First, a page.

Does multiculturalism pose a problem for the implementation of individual rights? : the case of forced marriage in the context of the United Kingdom
Pau Romani, Laia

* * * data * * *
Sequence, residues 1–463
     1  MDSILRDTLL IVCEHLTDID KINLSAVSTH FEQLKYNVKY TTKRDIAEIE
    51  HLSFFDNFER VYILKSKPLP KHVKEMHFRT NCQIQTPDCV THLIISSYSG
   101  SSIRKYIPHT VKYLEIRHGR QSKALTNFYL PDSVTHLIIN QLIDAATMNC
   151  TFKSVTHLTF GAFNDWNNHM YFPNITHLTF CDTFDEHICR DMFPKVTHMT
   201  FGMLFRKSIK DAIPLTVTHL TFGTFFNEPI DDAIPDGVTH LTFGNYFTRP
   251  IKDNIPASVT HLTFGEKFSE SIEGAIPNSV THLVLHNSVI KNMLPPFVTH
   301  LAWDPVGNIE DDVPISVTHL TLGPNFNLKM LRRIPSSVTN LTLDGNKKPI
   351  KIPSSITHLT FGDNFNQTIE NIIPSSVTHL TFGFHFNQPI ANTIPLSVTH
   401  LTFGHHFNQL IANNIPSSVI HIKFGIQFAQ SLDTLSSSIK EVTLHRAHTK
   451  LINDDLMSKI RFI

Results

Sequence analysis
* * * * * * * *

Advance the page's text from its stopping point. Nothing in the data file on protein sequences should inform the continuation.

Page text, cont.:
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Do some principles of multiculturalism pose a problem for the implementation of individual rights? How? In the western context, conceptions of human rights are grounded in the liberal traditions of what could be considered, a moderately homogenous Western culture. However, within the recent past, as a result of globalisation and the increase of the migration flows, this culture has changed into a more heterogeneous one. Together with the notable diversity of beliefs and subcultures, some new challenges to these liberal traditions have appeared. An example of where such challenges evoke expressly contrasting opinions is the issue of forced marriages, where the social and cultural rights of different minority groups seem to be in tension with concepts concerning the human rights of an individual. Therefore, this question challenges a number of positions, including principles of multiculturalism. With this thesis I will investigate, whether and how some principles of multiculturalism can be in conflict with the realisation of individual rights. Accordingly, I will analyse my question through the case of forced marriages in a context of migration in Europe, concentrating my research in the concrete social, legal and political frame of the United Kingdom.